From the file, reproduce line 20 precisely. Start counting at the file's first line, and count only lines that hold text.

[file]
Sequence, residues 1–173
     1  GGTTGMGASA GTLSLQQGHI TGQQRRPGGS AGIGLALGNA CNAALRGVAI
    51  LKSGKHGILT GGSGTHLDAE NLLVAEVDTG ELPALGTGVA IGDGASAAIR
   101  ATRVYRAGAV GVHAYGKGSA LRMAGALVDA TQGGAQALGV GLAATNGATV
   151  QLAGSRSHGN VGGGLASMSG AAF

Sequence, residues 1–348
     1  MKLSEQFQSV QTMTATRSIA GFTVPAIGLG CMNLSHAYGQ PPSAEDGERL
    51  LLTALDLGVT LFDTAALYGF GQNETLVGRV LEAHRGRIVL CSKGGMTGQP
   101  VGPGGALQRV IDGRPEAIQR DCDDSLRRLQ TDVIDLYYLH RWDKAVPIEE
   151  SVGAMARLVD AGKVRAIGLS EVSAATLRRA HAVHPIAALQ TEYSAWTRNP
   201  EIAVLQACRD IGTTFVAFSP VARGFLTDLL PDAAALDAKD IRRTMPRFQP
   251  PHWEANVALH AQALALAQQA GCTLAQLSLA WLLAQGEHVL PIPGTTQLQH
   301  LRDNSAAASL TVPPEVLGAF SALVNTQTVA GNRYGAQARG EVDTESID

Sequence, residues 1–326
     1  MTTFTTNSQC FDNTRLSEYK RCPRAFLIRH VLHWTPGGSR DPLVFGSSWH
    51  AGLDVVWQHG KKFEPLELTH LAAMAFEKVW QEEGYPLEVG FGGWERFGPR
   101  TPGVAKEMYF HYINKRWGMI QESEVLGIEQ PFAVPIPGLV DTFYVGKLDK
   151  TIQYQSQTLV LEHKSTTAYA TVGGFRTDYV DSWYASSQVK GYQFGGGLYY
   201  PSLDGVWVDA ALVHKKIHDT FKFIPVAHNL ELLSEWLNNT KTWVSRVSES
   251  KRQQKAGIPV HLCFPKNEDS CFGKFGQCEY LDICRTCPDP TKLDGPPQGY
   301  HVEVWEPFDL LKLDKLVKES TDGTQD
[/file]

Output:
   251  KRQQKAGIPV HLCFPKNEDS CFGKFGQCEY LDICRTCPDP TKLDGPPQGY